As the fallout continues over the June 12 announcement by Caterpillar Inc. that it was pulling out of the heavy-duty engine market, several analysts contacted by Fleet Owner indicated the move could be a positive one for both Cat and Navistar International Corp., with whom Caterpillar will form a strategic alliance.
“[The moves] give Caterpillar the ability to refocus efforts into off-highway and international markets, which makes sense because it frees capital and talent,” Martin Labbe, president of Martin Labbe Associates, told Fleet Owner. “Given the current exchange rate and the rest of the world needing infrastructure, Cat is in an excellent position in that market.”
Caterpillar and Navistar have signed a memorandum of understanding (MOU) to cooperate on a number of engine platforms and pursue global on-highway truck business opportunities, the companies announced. The two firms plan to cooperate on development of midrange engines for diesel applications that support each company's decision not to utilize urea-based selective catalytic reduction (SCR) technology for such powerplants.
While the partners made it clear that Caterpillar would be exiting the on-highway, heavy-duty engine business in 2010, plans for their two medium-duty lines appear to still be under discussion. Caterpillar may remain an independent supplier of engines, or it may become exclusive to Navistar trucks, but in either case, it will share technology and resources to develop future MD platforms jointly.
A close reading of data compiled by Wardsauto.com on factory installations of Class 8 engines for the first four months of 2008 sheds light on the deal, pointing to a heavy-duty diesel market supporting one independent engine maker, not two, as proprietary highway diesels gain market share. Analysis of the data reveals that for the first four months of this year, Caterpillar held the No. 4 position for Class 8 engines in North America with 12.5% market share. Cummins had the top spot (40.6%) while the No. 2 (Detroit Diesel and Mercedes Benz at 24.3% combined share) and No. 3 (Volvo and Mack at 13.2% combined) positions were held by suppliers of proprietary engines as was the No. 5 (Navistar at 9.3%) slot.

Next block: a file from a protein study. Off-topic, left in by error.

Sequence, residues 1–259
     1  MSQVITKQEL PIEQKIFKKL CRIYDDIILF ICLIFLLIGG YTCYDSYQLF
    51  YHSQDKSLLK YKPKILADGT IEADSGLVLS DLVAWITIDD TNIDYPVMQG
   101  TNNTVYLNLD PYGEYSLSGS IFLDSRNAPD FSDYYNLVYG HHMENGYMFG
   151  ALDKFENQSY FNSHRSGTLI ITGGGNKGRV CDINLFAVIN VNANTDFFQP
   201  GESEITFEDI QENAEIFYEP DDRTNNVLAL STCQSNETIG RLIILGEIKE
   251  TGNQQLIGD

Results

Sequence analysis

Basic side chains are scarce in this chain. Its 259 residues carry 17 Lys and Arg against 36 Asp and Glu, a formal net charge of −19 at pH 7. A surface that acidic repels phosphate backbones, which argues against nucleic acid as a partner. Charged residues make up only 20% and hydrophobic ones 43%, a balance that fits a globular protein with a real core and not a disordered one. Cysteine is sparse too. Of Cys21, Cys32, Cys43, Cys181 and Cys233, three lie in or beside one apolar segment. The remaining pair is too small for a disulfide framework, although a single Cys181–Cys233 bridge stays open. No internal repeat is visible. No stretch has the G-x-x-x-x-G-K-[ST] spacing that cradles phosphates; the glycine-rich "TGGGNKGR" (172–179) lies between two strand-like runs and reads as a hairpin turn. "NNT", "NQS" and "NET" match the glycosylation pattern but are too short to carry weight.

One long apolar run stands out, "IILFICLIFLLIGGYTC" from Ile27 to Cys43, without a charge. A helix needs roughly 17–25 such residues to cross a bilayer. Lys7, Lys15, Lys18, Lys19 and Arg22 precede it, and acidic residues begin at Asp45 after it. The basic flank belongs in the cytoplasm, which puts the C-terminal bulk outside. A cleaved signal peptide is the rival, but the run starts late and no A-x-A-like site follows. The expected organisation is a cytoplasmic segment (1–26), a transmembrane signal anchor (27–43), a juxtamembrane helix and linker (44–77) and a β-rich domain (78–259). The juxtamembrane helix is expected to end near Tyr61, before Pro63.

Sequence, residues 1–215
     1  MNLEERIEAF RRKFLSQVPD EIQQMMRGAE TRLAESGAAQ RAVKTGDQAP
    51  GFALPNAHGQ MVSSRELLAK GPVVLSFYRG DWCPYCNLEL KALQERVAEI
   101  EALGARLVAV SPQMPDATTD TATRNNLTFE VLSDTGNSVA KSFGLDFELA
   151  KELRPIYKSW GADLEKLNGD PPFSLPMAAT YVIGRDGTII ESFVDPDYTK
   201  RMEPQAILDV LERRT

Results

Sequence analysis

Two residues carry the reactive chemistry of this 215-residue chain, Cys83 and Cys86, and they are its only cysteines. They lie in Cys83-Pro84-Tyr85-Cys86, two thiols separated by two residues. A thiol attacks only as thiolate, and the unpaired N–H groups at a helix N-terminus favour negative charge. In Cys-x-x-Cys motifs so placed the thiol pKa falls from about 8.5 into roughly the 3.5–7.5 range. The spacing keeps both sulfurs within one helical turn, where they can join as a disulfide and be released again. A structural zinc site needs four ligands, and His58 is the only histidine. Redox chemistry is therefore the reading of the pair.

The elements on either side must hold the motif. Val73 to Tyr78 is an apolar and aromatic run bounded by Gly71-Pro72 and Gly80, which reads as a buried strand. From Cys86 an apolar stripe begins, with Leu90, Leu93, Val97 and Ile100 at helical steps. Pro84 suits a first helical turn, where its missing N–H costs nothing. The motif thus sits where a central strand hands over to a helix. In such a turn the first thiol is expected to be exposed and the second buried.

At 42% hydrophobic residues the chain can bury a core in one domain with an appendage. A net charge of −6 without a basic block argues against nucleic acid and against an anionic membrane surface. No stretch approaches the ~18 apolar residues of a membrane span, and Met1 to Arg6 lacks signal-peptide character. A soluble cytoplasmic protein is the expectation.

And of the total 8,321 Cat engines installed, 5,563 — almost 67% — were placed in Kenworth and Peterbilt trucks. Given that Paccar, the parent of those OEMs, will roll out its own proprietary engine line in time for 2010, it's safe to bet Cat's share would have further declined.
Through the resulting alliance, Caterpillar said it plans on introducing a North American Cat-branded, heavy-duty truck in 2010 designed for severe-service applications, such as road construction, large infrastructure projects and oil and petroleum development. “This new truck — targeted for 2010 — will incorporate the legendary quality of Caterpillar's construction and mining machines,” said Douglas R. Oberhelman, Caterpillar group president.
“The combination of Navistar's truck design, development and manufacturing expertise and Caterpillar's unparalleled worldwide distribution creates a significant advantage for global customers through the ability to offer the right vehicle for the right application through more than 4,700 points of distribution around the world,” said Dee Kapur, president, Navistar Truck Group.
“The way trucks are built is changing,” consultant Darry W. Stuart, president of DWS Fleet Management, told Fleet Owner. “We're seeing a strong return to vertical integration now. You pick a truck, and the engine comes with it. Mack had this philosophy decades ago.”
Navistar said that the agreement would have no impact on its relationship with MAN to develop MaxxForce Big Bore diesels.